Building A Fictional World: Language

Is developing your own fictional language for a novel really necessary?  For most fiction novels that are not fantasy or sci-fi, your characters will simply speak your native tongue and that will be the end of the conversation.

However, when it comes to fantasy or sci-fi, the answer to this question becomes more complicated.

You can choose to forgo the long task of creating a language to instill in your new world, and many new writers choose this option.  Our own languages in the real world developed over thousands of years into the complex speech that you hear every day.

If you are creating a new fictional language, you have much less time to essentially do what it usually takes thousands of years to accomplish.

If you are reading this, we will assume that you have decided to explore the possibility of a new language that you create.

Why Are You Creating A Language?

First, we will explore why you are creating a language.  There are a few simple questions that you need to ask yourself at this point in the exercise.

1.  Am I creating a language in order to differentiate different cultures in the same fictional world?

This is the usual reason that people undertake creating a language.  The practice gives a bit of realism to your world just as different countries in the real world speak different languages.

It creates an “us vs them” type of existence.  This helps create a definitive difference between two factions or groups in your fictional world.  The groups may live in near proximity to each other on your world map but the different languages set them apart.

2. Can differentiating different cultures be accomplished in any other way than by developing a new language for them?

Let’s face facts.  Creating a fictional language is hard if it is your first time, and it is not to be undertaken by the faint of heart.

Can your characters speak a common language that resembles your own native tongue?

This is a far better way of dealing with the language problem simply because it doesn’t require hours or even weeks of hard work trying to get every part of your language just right.

If you find you really want to continue to create your own language, then read on.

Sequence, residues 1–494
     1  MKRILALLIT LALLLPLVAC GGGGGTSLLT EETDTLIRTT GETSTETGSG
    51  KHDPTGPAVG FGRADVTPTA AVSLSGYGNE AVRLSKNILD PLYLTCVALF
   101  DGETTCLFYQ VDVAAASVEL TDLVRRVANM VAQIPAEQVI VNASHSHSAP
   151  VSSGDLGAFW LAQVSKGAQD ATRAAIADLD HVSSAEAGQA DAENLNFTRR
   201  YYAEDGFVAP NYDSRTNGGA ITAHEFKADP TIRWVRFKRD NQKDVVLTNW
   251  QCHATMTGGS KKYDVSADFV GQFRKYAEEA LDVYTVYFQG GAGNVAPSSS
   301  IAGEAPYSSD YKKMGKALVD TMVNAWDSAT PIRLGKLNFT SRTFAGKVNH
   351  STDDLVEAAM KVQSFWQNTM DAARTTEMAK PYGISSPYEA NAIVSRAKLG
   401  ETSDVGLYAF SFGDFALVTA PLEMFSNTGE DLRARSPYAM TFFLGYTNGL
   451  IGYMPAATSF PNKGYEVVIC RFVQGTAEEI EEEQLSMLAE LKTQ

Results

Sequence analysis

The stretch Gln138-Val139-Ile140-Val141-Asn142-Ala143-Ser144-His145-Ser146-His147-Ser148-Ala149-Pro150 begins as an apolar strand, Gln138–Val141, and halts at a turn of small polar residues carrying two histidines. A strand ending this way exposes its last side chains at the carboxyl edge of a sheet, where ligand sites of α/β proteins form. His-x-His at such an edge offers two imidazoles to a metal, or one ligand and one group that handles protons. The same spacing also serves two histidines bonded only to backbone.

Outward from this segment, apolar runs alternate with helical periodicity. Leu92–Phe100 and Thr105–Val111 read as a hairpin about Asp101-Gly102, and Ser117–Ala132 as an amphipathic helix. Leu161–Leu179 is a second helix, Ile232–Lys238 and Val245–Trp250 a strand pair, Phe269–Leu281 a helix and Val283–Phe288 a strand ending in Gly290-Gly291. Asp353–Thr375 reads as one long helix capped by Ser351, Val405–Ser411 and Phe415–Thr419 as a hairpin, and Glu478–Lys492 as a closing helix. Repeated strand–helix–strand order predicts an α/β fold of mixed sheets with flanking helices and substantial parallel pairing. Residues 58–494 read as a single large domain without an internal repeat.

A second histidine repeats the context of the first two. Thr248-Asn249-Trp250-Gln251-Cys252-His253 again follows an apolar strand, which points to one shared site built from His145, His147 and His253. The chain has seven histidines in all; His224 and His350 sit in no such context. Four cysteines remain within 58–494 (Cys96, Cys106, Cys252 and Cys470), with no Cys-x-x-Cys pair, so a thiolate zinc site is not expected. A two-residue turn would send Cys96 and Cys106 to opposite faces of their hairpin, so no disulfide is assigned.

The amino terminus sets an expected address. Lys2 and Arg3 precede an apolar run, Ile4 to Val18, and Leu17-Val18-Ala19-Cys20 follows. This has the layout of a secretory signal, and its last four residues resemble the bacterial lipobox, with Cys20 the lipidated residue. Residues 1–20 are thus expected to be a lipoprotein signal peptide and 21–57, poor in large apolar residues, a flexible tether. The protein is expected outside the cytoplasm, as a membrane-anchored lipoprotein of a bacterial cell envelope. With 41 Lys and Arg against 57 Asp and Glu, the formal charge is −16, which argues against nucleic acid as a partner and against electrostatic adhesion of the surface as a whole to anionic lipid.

Keep meticulous notes of your new fictional language for quick reference.

How Will Your Characters Speak The Language?

Is the fictional language written, spoken, or signed?

There can be many variations of ways to convey a language.  Are your characters highly developed aliens that use telepathy, or do they use light flashes like Morse code?

Do your characters have the ability to speak the language, or are they mute and must sign the language?

Knowing your characters’ abilities and limitations from the beginning will make the process smoother.  An alien with no discernible mouth will probably either need to use telepathy or some way to sign to others who understand the language.

This should be the first thing you decide when developing your language.

Will All Of Your Characters Speak The Same Language?

Creating multiple fictional languages is not for the faint-of-heart.  If you want multiple languages, then, by all means, create them, but do so knowing that in the time it takes you to create them, you could have written a couple of chapters or even the whole novel.

The more reasonable way of accomplishing multiple languages is to create regional languages that vary from the original language only slightly.

In the United States, there are multiple variations of how to speak English.  Pronunciation of words in different ways or even accents can help create the differentiation that you are trying to accomplish.

You could create slang words or variations of jargon that sets each group apart.

Will you have a common fictional language that encompasses all regions and then have each individual region with their own language?  This approach allows you to have one language with some smattering of a different language when people from the same region are trying to talk without being understood by others not from their region.